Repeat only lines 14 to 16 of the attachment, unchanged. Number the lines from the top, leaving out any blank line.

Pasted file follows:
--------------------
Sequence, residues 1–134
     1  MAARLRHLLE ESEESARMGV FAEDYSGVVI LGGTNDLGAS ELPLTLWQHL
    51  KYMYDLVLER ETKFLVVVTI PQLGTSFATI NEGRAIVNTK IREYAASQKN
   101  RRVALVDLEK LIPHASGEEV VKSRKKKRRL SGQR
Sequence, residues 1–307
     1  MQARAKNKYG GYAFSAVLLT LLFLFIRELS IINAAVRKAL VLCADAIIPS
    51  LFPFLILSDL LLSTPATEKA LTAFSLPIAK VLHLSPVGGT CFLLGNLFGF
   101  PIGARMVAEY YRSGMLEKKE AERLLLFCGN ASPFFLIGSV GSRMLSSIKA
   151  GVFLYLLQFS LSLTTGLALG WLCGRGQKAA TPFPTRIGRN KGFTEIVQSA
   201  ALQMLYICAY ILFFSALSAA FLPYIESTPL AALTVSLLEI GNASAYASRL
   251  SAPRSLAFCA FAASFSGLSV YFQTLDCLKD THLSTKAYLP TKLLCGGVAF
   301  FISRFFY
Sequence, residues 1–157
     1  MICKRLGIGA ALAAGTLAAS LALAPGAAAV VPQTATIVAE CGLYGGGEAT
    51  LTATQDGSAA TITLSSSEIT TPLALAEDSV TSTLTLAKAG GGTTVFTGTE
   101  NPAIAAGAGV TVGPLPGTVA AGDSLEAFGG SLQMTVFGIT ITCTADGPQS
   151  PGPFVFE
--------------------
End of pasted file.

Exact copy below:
     1  MICKRLGIGA ALAAGTLAAS LALAPGAAAV VPQTATIVAE CGLYGGGEAT
    51  LTATQDGSAA TITLSSSEIT TPLALAEDSV TSTLTLAKAG GGTTVFTGTE
   101  NPAIAAGAGV TVGPLPGTVA AGDSLEAFGG SLQMTVFGIT ITCTADGPQS